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Article

Ernie Ko, Yu-Chang Su and Chilik Yu

The purpose of this paper is to provide insights into the multiple anti-corruption agencies (ACAs) in Taiwan and their conflict resolution. The birth of the Agency Against…

Abstract

Purpose

The purpose of this paper is to provide insights into the multiple anti-corruption agencies (ACAs) in Taiwan and their conflict resolution. The birth of the Agency Against Corruption (AAC) in 2011 created the unintended consequence of sibling rivalry with the elder Ministry of Justice Investigation Bureau (MJIB).

Design/methodology/approach

A historical background of these agencies is discussed and followed by an analysis of the diversified conflicts among the prosecutor’s office, the AAC and the MJIB. The empirical sources of this study include 17 in-depth interviews with government officials both at ministerial level and field level, scholars and NGO representatives.

Findings

The redundancy of ACAs in Taiwan is a fact, which is extremely difficult to change in the foreseeable future in the light of current political and fiscal constraints. This paper concludes that the conflicts among multiple ACAs and their operational weaknesses will not fade away after a mere directive from their superior, the Ministry of Justice, unless genuine cooperation is put into place in various individual cases.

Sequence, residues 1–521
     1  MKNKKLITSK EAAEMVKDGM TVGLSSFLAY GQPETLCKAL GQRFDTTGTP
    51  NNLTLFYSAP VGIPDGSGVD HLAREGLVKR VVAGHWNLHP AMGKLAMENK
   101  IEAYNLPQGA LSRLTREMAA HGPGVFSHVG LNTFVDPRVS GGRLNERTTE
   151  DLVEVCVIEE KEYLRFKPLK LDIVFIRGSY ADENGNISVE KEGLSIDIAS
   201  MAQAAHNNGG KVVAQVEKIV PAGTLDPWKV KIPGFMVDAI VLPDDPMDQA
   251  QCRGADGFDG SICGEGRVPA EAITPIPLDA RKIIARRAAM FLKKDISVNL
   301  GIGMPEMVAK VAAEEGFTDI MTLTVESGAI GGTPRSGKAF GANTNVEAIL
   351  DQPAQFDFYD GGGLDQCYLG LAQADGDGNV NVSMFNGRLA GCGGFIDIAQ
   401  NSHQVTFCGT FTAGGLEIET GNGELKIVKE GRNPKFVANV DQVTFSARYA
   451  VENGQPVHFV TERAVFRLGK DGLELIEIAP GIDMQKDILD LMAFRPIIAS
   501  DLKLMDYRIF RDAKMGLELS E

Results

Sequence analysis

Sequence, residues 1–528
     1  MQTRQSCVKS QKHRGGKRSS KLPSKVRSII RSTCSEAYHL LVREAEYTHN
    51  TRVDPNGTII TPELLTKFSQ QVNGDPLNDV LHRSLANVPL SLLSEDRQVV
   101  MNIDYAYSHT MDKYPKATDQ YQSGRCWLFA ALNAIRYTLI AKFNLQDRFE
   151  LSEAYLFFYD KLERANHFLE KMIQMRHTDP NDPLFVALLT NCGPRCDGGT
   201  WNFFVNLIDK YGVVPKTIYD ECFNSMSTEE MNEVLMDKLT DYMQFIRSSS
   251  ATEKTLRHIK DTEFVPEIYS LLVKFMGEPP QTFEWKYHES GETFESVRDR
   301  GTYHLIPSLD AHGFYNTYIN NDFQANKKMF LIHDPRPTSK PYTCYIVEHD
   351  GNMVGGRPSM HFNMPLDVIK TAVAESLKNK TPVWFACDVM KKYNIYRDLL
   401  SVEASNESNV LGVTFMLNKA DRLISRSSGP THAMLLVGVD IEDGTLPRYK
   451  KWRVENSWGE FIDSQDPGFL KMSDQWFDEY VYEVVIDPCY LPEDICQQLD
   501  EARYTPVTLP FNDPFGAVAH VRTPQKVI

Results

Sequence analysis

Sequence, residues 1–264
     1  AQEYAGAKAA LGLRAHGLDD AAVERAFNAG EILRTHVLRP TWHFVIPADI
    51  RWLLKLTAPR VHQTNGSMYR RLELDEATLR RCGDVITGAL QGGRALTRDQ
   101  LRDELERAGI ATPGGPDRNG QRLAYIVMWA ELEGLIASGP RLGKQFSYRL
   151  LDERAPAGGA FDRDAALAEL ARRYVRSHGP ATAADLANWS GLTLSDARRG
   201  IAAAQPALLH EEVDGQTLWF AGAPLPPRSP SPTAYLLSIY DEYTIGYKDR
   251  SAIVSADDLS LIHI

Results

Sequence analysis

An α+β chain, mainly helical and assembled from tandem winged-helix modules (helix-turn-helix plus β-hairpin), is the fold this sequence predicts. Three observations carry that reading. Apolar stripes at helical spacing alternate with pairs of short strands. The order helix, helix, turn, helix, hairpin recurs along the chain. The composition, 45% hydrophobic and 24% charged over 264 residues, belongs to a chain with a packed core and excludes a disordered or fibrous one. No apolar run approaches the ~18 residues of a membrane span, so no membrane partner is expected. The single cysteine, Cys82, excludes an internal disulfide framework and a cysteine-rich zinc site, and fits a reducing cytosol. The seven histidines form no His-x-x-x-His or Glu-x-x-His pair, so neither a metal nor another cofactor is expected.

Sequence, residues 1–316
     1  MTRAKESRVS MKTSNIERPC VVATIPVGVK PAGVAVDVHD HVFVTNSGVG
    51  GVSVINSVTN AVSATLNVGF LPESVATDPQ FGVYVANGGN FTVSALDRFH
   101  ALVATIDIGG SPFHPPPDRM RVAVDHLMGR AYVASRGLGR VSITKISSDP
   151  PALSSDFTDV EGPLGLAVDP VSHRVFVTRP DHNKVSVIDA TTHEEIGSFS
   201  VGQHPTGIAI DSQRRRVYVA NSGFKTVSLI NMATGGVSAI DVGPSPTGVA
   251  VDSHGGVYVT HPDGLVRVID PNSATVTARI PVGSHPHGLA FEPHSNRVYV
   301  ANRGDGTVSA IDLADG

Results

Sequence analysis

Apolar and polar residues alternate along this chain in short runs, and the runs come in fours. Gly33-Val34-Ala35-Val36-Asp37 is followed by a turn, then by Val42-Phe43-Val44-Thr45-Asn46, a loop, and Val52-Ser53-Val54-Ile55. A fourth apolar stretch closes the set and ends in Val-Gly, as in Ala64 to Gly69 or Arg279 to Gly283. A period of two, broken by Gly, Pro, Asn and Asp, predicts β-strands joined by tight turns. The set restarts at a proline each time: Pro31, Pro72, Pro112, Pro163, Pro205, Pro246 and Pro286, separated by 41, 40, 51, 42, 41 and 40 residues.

Practical implications

This paper provides a road-map for decision makers to improve collective anti-corruption performance. Taiwan’s AAC serves as the latest example testing the efficacy of the multiple specialized ACAs.

Originality/value

This pioneering study provides insights into Taiwan’s anti-corruption policy and practices. More investigative studies should be conducted on the effectiveness of multiple ACAs in other countries.

Details

Asian Education and Development Studies, vol. 4 no. 1
Type: Research Article
ISSN: 2046-3162

Keywords

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Book part

Jon S.T. Quah

In his autobiography, Chen Shui-bian (1999, p. 40) condemned the Koumintang's (KMT's) corruption and praised the Democratic Progressive Party (DPP) for being free from…

Abstract